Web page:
“Bahrain’s first wave of prison releases was positive, but insufficient,” said Joe Stork, deputy Middle East director at Human Rights Watch. “The authorities should further reduce the prison population by releasing those who are imprisoned solely for their political beliefs or for exercising their right to free speech and peaceful assembly. Meanwhile, the authorities should ramp up efforts to ensure that the remaining prison population has access to the medical care, is protected from transmission, and is provided the information that they need to combat the COVID-19 pandemic.”
Americans for Democracy & Human Rights in Bahrain (ADHRB)
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Bahrain Centre for Human Rights (BCHR)
Bahrain Institute for Rights and Democracy (BIRD)
CIVICUS: World Alliance for Citizen Participation
Committee to Protect Journalists (CPJ)
European Centre for Democracy and Human Rights (ECDHR)
Global Legal Action Network (GLAN)
Gulf Centre for Human Rights (GC4HR)
Human Rights First (HRF)
Human Rights Watch (HRW)
Index on Censorship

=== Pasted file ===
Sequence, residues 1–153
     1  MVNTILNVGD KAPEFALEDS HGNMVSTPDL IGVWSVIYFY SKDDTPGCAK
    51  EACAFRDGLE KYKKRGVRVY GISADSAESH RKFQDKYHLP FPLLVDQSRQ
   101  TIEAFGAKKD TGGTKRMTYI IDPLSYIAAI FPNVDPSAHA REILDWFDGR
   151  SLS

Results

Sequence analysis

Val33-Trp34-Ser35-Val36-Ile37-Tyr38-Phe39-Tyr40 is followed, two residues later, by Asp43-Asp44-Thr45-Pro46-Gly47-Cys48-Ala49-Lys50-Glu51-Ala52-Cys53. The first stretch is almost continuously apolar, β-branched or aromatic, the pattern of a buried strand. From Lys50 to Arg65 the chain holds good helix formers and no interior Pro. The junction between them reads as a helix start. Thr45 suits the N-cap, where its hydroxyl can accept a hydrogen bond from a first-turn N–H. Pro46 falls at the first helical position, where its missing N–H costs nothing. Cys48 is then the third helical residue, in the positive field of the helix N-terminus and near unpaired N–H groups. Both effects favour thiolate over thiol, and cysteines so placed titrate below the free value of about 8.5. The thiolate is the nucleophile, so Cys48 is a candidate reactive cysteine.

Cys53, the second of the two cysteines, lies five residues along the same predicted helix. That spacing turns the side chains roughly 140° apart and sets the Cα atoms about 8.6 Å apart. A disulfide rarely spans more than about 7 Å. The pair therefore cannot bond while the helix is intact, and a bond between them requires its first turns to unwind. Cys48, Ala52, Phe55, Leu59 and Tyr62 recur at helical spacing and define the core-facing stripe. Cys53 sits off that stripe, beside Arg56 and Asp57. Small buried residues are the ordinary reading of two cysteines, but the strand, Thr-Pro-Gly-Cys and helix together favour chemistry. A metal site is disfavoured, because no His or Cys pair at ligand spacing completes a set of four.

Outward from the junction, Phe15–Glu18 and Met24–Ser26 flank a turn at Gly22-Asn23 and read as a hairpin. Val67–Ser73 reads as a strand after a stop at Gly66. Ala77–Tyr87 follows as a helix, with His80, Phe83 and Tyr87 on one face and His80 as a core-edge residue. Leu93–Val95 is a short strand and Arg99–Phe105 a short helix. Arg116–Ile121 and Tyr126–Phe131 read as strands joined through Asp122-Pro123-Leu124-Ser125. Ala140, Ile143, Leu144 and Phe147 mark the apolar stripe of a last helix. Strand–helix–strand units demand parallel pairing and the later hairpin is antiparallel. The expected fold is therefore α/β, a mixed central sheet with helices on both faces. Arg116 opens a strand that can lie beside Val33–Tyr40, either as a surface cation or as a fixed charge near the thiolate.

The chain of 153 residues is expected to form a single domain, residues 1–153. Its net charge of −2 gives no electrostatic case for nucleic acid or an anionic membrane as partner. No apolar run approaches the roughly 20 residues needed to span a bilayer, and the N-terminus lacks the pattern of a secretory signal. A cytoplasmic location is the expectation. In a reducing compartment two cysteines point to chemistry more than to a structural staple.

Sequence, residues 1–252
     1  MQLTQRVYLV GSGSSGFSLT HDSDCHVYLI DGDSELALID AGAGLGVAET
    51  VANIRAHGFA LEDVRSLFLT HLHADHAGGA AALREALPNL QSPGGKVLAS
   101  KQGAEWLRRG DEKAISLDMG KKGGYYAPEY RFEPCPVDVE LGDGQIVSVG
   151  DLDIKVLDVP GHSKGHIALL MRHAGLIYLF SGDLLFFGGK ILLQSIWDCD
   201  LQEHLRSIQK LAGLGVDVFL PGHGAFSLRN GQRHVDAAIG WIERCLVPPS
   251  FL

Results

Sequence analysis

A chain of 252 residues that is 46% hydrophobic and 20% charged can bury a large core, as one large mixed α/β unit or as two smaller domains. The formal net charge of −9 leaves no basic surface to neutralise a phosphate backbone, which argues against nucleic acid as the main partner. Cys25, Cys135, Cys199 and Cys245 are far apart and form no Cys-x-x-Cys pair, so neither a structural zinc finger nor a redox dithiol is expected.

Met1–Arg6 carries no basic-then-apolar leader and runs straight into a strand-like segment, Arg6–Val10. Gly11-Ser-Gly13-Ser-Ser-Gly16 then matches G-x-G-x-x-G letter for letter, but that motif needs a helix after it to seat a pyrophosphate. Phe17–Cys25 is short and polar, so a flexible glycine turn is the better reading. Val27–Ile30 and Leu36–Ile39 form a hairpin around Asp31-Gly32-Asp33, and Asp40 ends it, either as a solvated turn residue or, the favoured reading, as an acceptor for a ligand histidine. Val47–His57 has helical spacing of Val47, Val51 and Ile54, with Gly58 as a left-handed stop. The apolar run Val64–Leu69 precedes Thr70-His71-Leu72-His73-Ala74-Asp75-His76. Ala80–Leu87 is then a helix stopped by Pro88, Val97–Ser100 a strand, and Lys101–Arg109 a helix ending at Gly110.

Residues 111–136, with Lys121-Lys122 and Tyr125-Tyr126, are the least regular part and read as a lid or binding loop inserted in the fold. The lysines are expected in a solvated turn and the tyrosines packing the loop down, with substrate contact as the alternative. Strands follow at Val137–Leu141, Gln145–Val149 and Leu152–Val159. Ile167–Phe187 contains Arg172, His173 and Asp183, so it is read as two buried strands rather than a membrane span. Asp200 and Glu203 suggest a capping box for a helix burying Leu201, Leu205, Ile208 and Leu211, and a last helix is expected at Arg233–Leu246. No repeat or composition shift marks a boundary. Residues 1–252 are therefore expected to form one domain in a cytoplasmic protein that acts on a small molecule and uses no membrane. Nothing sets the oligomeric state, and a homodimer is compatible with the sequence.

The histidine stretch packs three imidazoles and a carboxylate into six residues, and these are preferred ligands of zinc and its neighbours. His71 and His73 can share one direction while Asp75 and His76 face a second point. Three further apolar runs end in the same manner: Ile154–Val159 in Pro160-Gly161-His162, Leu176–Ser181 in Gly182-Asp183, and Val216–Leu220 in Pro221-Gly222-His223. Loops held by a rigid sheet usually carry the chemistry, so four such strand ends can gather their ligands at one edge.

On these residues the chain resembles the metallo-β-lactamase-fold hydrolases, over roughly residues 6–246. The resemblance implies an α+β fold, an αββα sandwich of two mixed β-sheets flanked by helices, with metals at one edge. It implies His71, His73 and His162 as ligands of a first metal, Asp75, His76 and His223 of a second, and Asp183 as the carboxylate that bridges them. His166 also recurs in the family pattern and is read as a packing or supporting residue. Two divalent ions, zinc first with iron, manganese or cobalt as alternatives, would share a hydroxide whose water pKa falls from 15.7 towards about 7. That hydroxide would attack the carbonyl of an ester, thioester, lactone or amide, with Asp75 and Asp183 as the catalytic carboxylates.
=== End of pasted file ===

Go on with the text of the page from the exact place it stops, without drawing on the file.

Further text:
International Service For Human Rights (ISHR)
WHO EMRO Weekly Epidemiological Monitor: Volume 13, Issue no 13; 29 March 2020 | ReliefWeb.
[Sources: WHO] [Posted: 5 Apr 2020] [Originally Published: 29 Mar 2020] [Origin: View original]
Current major event.
Ending Polio from EMR- A global concern.
Globally, Poliomyelitis has been eradicated except two countries Pakistan and Afghanistan of Eastern Mediterranean Region of WHO.
Recent upsurge in polio cases has been a global concern. From 2019 onwards until Week 13, 2020 178 WPV1 cases are reported from Pakistan; a highest number in past five years (See table).
“Polio is known to be a highly infectious crippling disease caused by poliovirus wild types 1-3. With wild type 2 eradicated globally in 1999, and wild type 3 not detected since 2012, the current outbreak is suspected to be due to wild type 1 (WPV1). The majority of polio cases are mild or asymptomatic, with only a small proportion leading to potentially fatal Acute Flaccid Paralysis (AFP), making polio detection by symptoms alone difficult. The initial symptoms include fever, fatigue, headache, vomiting, stiffness in the neck, and pain the limbs. Children under five are most likely to contact the virus; transmitted predominantly through the feco-oral route - though some droplet transmission is possible - making adequate WASH practices vital for disease control. The live attenuated oral polio vaccine (OPV) is highly effective in preventing polio transmission and has resulted into 99% worldwide decrease in polio cases. A high level of vaccination coverage (90%) should be aimed for, to interrupt polio transmission and prevent outbreak escalation.